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Mindful : December 2016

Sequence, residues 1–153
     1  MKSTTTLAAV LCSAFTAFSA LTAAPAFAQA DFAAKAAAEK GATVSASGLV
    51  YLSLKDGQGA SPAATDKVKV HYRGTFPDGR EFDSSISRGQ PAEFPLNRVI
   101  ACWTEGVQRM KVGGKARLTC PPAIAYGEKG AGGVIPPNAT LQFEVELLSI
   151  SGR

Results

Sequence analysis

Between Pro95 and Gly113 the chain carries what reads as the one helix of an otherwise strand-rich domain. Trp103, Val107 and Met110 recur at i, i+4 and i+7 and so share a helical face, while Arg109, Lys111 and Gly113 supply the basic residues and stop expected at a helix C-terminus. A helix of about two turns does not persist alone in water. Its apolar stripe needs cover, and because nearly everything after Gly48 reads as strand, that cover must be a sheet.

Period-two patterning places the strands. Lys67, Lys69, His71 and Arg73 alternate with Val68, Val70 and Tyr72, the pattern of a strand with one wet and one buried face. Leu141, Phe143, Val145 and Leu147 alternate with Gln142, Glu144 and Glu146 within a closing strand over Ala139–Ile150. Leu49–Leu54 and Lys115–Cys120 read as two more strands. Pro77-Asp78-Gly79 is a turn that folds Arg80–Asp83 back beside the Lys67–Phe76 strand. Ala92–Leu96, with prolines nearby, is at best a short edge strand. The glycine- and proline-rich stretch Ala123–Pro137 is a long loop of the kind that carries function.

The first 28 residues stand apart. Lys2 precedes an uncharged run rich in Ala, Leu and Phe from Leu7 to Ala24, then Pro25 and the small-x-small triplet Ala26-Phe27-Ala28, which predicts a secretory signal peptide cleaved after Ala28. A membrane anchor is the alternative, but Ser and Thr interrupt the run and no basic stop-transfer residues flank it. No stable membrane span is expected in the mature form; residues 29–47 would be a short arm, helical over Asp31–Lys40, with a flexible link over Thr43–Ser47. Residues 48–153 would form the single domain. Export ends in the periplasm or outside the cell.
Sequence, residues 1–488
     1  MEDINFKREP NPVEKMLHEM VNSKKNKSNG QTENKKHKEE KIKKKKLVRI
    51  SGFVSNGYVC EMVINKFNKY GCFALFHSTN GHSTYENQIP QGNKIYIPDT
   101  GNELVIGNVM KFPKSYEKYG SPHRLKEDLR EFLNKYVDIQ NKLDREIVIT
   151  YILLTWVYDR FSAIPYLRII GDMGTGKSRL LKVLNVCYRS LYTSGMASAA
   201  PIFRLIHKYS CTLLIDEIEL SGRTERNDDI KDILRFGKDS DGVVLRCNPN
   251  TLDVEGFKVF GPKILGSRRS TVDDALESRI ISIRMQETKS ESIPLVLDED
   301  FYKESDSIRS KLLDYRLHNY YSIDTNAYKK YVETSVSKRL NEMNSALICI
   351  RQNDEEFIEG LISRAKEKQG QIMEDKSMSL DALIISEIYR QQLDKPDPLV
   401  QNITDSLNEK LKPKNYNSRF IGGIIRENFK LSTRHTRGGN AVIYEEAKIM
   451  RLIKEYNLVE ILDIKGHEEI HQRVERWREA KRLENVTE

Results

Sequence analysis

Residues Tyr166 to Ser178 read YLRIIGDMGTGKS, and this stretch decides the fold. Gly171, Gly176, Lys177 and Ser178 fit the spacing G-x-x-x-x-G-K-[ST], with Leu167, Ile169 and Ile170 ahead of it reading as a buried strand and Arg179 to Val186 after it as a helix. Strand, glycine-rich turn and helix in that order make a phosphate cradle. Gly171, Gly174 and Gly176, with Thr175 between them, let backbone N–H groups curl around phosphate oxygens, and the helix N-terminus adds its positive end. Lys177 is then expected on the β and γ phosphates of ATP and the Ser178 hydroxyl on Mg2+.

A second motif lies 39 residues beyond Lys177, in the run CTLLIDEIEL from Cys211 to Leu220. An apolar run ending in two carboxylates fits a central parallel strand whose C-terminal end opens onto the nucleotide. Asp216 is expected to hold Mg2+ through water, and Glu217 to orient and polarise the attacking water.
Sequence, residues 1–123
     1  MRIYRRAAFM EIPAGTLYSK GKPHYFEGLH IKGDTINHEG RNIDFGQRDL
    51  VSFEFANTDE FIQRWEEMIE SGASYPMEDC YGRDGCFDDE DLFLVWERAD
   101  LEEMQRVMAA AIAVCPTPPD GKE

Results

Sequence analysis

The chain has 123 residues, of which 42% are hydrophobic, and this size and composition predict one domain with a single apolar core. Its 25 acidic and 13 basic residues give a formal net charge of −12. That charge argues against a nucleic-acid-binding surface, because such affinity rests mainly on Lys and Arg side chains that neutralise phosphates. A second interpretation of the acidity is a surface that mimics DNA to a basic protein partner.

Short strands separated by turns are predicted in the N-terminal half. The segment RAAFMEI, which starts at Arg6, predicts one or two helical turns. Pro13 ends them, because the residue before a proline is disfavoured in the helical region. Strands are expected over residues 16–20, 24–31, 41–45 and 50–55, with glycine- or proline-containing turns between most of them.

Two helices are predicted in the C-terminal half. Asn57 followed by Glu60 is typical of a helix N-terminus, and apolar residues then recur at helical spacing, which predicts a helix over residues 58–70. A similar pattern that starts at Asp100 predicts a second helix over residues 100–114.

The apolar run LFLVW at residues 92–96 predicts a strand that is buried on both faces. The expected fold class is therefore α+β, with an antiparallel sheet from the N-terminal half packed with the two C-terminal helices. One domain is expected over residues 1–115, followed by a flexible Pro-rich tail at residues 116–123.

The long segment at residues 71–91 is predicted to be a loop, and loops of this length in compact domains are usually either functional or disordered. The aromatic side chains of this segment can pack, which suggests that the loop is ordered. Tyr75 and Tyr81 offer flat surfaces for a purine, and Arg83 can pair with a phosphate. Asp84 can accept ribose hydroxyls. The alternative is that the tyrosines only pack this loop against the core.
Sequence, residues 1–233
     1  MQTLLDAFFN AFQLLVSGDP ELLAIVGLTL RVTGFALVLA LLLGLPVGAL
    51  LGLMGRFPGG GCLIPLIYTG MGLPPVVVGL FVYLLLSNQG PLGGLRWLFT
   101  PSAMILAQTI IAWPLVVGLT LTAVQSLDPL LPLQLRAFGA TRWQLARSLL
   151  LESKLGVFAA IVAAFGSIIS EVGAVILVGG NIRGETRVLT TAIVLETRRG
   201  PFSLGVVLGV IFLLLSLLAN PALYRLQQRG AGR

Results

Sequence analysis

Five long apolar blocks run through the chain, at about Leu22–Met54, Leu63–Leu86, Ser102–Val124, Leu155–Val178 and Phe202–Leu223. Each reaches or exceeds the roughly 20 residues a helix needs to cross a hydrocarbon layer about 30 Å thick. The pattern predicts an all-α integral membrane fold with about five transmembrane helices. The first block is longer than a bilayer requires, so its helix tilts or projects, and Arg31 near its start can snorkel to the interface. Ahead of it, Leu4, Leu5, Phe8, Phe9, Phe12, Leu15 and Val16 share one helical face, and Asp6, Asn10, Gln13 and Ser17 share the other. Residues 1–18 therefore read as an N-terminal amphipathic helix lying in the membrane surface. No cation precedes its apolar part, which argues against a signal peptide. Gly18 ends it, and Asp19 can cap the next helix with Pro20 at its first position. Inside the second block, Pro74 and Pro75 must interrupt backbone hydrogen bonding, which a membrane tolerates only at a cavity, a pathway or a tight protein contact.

Instead of asking what you should do, consider who you want to be. Inner Compass Illustration by Jason Lee As a child I spent several years living in the Philippines, where I learned to speak Tagalog. The language contains a beautiful expression for work, hanapbuhay, which literally translates to “the search for life.” I’ve always liked thinking about work this way: an inward journey to dis- cover the things that make you feel most alive, and making those your work. At some point during childhood, a well- meaning adult asks, “So, what do you want to be when you grow up?” What I like about this question is that it embraces the idea that work is an expression of who you are as well as who you want to be. Yet that question takes an odd turn when you become an adult. “ What do you do for a living?” is what we typically ask each other. Gone is the inquiry about what you aspire to “be.” This shift in emphasis from “being” to “doing” focuses you solely on the external activities and behaviors that you perform for your work, rather than on your intrinsic values, strengths, and motivations. “Most of us think too much about what we should do and not enough about what we should be,” said the 14th-century mystic Meister Eckhart. “If we would pay more attention to what we should be, our work would shine forth brightly.” How true. What if instead of simply creating To Do lists for ourselves, we also create To Be lists of what we aspire to in our working lives and beyond? Rich Fernandez is cofounder of Wisdom Labs, which focuses on science and data to promote mindfulness, resilience, and purpose- driven performance. He has held positions in executive education and leadership development at Google, eBay, Bank of America, and JP Morgan Chase. Adapted with permission from Wisdom Labs Follow Your Inspiration The answers that emerge from the previous questions illuminate how you can thrive by following your life’s energy instead of opposing, fighting, or suppressing it. For exam- ple, “being” in my work has guided me to make decisions that aren’t motivated by a desire for achievement, but to do work I find truly meaning- ful and that makes me feel alive. Always, I’ve made the decision to move into an area of endeavor by following what most inspired me, even as that changed over the years. Be There No matter what meaning you ascribe to your work— whether it is a job (a means to an end), a career (a purpose- ful drive toward attainment in a cer tain discipline), or a calling (a sense of fulfilling a life’s purpose)—by focusing on being fully present to it you can better connect to your own vitality within the experience. Shine On Being in your work does not require any extraordinary effort, nor does it necessitate finding your “dream job.” You simply need to be present and allow yourself to experience what is most alive for you, what decisions you make relative to it, and how you take action. Working in this way, you can find success and fulfillment within yourself. ● Get Curious Try asking yourself the following questions to begin to mine what really matters to you. By placing attention on what it means to be fully yourself, aligned, and present, you’re able to give your best to your work and to the world. • How would I like each day to unfold? • What would I like to focus my energy and attention on? • What brings me joy? • What makes me feel balanced? • What state of mind would I like to be in while I work? • What other aspects of my life do I wish to be paying more attention to? • By the end of my life, what kind of person do I wish to be? PRACTICES | work–life balance 40 mindful December 2016